Are you the proud owner of an adorable Pomsky? Good for you! Pomsky is one of the crossbreed dogs gaining popularity with dog lovers. Particularly because of their cute looks, it’s hard not to fall in love with them at first sight. Overall the Pomsky is a great cross-breed and can make a great pet. So if you’re looking to get a Pomsky, you may want to know more about them, including about the Pomsky temperament.
Pomskies are a relatively new breed, resulting from a Siberian husky and the Pomeranian. These furry creatures are simply adorable and if you’ve ever wondered why your Pomsky behaves in a certain way, it has a lot to do with genetics of course. So if you wish to know more about them you are in the right place as we’ll be sharing with you what you need to know about them.
Whether you already are a furry baby parent or are looking to get your very first dog pet, Pomskies are a superb choice. However, as a first-time owner, doing a little research is always a good idea, we all know our furry children represent a responsibility so if you are up to the challenge, keep reading and get to know all about your Pomsky temperament and behavior.
History and Origins
Like many of the designer crossbreeds, the Pomsky originated in the United States. Since it is a relatively new dog breed, the looks and traits are not yet established. This is why it’s important to look at the individual breeds making up the Pomsky.
The two breeds that go into the formation of the Pomsky are the Pomeranian and the Siberian Husky.
Pomsky Temperament FAQs
Is the temperament the same for all Pomskies?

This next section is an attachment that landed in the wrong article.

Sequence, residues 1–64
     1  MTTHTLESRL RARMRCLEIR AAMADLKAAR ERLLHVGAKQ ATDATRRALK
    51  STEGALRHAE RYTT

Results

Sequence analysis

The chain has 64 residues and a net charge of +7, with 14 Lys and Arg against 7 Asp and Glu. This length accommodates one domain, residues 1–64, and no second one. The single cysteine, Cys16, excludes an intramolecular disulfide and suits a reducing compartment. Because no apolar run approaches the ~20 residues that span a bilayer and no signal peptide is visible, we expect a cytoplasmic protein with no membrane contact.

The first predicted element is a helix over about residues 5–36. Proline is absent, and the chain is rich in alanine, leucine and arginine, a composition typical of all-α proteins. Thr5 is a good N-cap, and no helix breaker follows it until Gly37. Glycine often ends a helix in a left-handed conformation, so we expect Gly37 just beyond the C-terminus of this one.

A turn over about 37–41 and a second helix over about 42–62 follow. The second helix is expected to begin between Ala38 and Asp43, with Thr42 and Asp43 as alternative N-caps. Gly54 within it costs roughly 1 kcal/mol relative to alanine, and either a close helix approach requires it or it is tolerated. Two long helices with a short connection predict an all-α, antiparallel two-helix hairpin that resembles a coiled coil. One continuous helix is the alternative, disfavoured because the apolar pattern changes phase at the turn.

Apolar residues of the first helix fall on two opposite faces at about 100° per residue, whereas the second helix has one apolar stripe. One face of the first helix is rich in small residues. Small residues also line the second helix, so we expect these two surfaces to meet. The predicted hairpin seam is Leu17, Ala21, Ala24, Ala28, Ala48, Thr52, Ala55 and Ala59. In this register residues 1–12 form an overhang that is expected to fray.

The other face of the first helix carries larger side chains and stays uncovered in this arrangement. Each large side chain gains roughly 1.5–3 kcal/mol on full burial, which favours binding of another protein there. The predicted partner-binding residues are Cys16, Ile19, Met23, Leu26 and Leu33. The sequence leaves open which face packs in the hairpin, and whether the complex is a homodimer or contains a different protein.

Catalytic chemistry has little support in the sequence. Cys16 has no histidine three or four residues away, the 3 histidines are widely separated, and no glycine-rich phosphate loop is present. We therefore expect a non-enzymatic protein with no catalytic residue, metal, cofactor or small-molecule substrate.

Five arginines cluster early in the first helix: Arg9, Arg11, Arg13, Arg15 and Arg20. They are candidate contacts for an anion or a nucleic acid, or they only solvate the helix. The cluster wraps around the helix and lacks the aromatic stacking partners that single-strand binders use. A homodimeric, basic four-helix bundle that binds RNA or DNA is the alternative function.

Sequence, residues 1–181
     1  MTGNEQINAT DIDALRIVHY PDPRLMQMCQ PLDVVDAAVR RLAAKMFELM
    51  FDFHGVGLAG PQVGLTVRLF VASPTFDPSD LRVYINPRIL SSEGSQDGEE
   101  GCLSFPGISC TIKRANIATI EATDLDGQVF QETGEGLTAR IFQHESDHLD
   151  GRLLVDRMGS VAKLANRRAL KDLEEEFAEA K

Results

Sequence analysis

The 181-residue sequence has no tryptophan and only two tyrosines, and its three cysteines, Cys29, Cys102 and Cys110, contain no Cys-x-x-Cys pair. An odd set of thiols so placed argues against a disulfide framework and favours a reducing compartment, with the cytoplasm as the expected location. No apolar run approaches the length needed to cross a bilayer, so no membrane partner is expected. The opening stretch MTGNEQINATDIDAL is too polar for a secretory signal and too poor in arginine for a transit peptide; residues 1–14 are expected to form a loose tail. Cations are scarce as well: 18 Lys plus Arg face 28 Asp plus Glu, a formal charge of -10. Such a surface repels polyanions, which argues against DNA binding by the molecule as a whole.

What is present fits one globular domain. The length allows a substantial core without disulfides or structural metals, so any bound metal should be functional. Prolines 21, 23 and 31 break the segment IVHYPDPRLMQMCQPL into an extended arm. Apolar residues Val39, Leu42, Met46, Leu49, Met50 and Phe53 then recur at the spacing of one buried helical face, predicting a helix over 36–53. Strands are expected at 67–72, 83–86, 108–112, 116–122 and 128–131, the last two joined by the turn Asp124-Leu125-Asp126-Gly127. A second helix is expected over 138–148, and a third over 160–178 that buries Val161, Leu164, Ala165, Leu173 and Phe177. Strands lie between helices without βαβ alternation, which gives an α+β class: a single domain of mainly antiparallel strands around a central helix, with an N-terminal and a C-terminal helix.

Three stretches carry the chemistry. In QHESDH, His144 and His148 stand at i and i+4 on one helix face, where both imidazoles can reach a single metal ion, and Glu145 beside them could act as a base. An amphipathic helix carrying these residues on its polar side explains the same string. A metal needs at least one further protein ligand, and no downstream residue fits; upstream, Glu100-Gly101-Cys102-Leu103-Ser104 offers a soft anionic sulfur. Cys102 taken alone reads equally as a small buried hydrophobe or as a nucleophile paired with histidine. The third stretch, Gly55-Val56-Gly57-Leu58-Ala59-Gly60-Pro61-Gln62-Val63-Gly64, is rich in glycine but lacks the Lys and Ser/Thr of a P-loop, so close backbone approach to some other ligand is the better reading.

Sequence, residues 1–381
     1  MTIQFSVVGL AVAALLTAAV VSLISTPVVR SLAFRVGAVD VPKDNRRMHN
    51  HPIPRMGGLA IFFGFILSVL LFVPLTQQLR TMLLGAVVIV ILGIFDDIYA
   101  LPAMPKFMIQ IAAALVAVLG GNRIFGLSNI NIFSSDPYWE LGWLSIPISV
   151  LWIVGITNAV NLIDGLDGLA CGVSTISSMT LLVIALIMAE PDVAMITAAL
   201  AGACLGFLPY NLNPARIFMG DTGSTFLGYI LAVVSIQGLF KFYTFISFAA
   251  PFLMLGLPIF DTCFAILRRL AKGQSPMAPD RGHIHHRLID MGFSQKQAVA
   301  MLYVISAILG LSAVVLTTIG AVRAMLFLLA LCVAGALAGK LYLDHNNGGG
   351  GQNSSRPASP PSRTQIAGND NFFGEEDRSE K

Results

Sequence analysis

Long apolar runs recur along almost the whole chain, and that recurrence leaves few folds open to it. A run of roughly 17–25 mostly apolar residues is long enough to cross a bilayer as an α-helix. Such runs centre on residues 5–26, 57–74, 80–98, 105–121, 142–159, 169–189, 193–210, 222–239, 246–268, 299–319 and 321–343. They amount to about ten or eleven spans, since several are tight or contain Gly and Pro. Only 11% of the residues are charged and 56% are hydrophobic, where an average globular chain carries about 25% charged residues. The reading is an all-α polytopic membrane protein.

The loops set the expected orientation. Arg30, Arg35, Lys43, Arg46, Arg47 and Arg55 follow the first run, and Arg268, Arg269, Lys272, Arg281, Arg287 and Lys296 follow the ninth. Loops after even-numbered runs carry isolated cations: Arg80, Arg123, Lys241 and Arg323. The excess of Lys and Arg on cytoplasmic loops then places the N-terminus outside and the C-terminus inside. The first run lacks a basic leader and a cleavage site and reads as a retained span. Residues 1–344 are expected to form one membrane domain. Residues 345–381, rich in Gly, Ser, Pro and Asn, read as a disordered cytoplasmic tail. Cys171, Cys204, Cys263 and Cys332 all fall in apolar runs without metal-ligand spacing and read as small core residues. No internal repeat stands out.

A Pomsky is a cross between a Siberian Husky and a Pomeranian. The temperaments of these two breeds have few similarities. Ultimately, the temperament of a Pomsky will vary for each dog. You never know which temperament – Husky or Pomeranian – is dominant until you meet the dog in person.
But there are some characteristics that a Pomsky will always have: it is bound to be an energetic, sociable, and very affectionate family dog. Read on to find out more.
Are Pomskies house dogs?
Pomskies are house dogs, so they should be kept inside the house. They are also great for apartment living. Do ensure that your dog gets enough exercise and that you take it out regularly or participate in activities such as dog training.
Are Pomskies aggressive?
As a Pomsky owner, you must assert yourself as the alpha of the relationship or they will try to take on that role. Pomskies are not aggressive at all, they are loving, caring and funny dogs that love to cover their owners with kisses.
Are Pomsky good family dogs?
Pomskies are very energetic and entertaining. They love attention and always like to be included in family activities. They are great dogs when they are with children or family but they can get lonely if they are left alone for long periods of time.
Are Pomsky high maintenance?
Maintenance: If things go right and they often do, the Pomsky can be an easier dog to handle compared to its parents the Siberian Husky and Pomeranian. They often don’t require the living space and backyard size that huskies need for running and getting out their energy.
How do you calm down a Pomsky?
Just like humans, dogs sometimes feel stressed or anxious, and having a relaxing, meaningful massage is a great way to relieve some of those stress hormones. To get them to calm down, try rubbing the parts of their back that seem tense or stiff.
What are the characteristics of a Pomsky?
As pomskies have been around for less than 10 years, experts can only estimate their average life expectancy. But based on both of their parent breeds, it’s generally expected that healthy pomskies should live anywhere from 13 to 15 years.
Intelligence & Trainability
These dogs are very intelligent, but they inherit their parents’ temperaments and can be significantly harder to train than other dogs.
It can be unpredictable, as it really depends on each dog’s parents, but on the whole, they’re described as gentle, playful, and confident.
They’re very active dogs that love to play with their owners but be warned that these little guys need to stay busy, otherwise they get bored and can develop destructive behavior.